REMIND me not to bet on anything with fewer than four legs.
Aussie bookmaker Tom Waterhouse was betting $1.90 Edvard Munch’s pastel painting The Scream would fetch more than $106.5M at an auction at Sotheby’s auction in New York.
My considered opinion was it would go for a mere pittance, less than, $80M. I was way off.
The Scream went for chump change under $120M.
The winning bid was taken by a Sotheby’s executive, and the bidder was not identified.
One of four versions by Norwegian artist Munch, but the only one in private hands, The Scream easily topped the previous auction record held by Picasso’s Nude, green leaves and bust, which went for a piddling $106.5 million at Christie’s two years ago.
It is reported the sales room at Sotheby’s erupted in applause and cheering when the hammer came down. A few titters of laughter came from those who had read my estimation had paid 50% too much. I believe the laughter was directed at me rather than the buyer.
I could go on about some people having too much money and I will for a bit. Two resolute bidders drew away from the original field of seven to drive the price up by telephone.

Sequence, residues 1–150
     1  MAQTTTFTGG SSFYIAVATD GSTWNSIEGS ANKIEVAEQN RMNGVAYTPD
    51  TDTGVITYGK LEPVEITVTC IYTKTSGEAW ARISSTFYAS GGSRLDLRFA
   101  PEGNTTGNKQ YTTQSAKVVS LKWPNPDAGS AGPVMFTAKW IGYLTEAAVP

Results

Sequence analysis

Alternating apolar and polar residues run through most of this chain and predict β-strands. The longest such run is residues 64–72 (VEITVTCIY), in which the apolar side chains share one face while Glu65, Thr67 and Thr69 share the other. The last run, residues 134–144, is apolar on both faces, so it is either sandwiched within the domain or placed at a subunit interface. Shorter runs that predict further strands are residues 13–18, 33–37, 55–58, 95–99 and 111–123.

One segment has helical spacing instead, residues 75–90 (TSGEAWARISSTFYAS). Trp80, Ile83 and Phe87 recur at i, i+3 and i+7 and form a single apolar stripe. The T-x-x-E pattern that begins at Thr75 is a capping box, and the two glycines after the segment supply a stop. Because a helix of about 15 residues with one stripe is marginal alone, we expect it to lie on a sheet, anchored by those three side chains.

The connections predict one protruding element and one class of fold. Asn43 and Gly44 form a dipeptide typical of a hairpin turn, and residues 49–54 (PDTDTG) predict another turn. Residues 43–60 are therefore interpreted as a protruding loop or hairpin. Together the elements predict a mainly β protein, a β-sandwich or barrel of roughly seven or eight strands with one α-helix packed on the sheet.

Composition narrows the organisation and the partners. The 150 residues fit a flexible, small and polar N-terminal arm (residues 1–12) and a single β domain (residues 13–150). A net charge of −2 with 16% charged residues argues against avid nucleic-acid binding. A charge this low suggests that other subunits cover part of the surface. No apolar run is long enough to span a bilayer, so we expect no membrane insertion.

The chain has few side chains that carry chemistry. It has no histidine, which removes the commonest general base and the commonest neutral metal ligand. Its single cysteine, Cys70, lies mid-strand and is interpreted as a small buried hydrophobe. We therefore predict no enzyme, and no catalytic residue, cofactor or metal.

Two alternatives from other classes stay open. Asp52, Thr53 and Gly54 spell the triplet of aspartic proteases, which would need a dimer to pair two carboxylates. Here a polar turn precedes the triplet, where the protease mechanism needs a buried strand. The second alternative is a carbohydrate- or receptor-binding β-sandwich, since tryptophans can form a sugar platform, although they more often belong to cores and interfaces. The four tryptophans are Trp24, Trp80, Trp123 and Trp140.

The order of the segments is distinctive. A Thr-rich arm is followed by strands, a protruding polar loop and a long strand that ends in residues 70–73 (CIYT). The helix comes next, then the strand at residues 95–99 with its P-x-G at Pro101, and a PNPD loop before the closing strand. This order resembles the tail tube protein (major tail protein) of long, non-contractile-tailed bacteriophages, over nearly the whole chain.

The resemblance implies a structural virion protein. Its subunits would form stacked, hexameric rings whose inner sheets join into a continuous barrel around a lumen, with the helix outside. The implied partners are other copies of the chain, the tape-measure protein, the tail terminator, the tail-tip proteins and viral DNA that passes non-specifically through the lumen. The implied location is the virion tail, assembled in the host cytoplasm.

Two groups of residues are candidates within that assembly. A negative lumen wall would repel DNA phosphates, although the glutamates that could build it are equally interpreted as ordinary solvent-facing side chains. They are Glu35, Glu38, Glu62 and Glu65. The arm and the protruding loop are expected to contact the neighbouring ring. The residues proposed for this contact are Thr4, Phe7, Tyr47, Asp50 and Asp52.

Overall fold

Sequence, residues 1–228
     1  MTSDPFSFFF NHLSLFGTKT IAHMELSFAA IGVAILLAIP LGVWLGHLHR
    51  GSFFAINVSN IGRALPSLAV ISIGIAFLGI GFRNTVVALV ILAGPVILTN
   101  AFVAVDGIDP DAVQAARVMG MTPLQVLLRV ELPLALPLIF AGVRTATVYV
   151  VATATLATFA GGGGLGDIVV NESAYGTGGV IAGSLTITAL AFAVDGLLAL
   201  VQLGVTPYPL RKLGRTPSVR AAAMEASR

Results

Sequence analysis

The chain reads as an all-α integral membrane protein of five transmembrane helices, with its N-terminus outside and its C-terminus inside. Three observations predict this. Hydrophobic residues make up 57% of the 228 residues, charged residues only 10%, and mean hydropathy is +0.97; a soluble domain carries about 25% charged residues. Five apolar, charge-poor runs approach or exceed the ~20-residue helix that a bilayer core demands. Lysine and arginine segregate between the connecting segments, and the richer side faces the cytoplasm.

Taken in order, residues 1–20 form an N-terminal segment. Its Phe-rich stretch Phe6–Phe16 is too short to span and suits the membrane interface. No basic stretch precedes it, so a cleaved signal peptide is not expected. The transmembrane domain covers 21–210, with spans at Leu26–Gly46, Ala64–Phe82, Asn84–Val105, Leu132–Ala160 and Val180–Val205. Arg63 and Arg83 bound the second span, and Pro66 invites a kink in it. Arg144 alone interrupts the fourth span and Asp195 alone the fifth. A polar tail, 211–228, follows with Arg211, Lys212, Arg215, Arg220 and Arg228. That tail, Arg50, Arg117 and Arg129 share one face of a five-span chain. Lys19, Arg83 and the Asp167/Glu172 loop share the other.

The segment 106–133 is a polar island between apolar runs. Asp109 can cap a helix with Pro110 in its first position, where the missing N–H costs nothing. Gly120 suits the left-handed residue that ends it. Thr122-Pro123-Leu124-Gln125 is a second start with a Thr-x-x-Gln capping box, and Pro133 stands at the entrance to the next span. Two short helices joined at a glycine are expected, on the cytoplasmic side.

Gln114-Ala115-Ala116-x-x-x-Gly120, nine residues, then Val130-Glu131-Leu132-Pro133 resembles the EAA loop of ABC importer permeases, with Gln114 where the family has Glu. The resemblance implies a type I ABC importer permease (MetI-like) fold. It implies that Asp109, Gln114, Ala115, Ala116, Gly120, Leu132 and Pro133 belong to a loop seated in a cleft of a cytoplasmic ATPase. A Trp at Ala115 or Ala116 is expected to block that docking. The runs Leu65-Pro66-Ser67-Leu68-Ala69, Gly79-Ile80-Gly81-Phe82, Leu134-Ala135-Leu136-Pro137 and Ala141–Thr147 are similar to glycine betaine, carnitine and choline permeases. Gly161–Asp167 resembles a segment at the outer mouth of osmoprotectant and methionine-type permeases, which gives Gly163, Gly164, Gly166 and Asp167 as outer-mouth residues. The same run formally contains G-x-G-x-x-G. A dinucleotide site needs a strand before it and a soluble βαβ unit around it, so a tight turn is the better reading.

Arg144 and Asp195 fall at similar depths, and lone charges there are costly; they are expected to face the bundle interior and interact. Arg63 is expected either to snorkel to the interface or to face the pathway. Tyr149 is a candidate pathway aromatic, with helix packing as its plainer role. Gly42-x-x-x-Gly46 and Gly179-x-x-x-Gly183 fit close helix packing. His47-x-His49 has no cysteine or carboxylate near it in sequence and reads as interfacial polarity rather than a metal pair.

Overall, the Sotheby fetched a record $330 million with Picasso’s Femme assise dans un fauteuil, selling for $29.2M; Miro’s Tete humaine taking $14.86M out of someone’s purse and Dali’s Printemps necrophilique, gathering $16.3M in the dead of spring.
Talking of the dead, I made my money today on the annual Grand National Steeplechase at Warnambool, Victoria, here in Australia.
I say dead as the music for the unofficial Aussie national anthem Waltzing Matilda was supposedly the modification of a tune Christina Macpherson heard at this race meeting in 1894. I say dead also in remembrance of the horses and jockeys who have lost their lives during the atavistic sport of jumps racing.
I support the abolition of jumps racing while I will bet on them as long as they continue. You might call that horsey hypocrisy and it would be a good call. As I mentioned in my previous column, we Aussies will bet on two flies crawling up a wall.
Great Britain is the thorn in the side of a world-wide ban on jumps racing. Racetracks there have total programs with jumps racing. Many expensive racehorses run on both the flat and over jumps. The Grand National Steeplechase is an institution.
Banning jumps racehorses would create more reaction than recent attempts to stop the barbaric fox hunting. Oscar Wilde was awake to the essence of that sport more than a century ago. He called it “the unspeakable in pursuit of the edible”.
Without presuming to improve in Wilde, he could have said the “ineffable in pursuit”. The prefix “in’’ can convey emphasis instead of negativity. Extreme ‘’effers” support fox hunting and jumps racing.
For more of my extreme pontifications see 7 Shouts at Google eBooks or Amazon.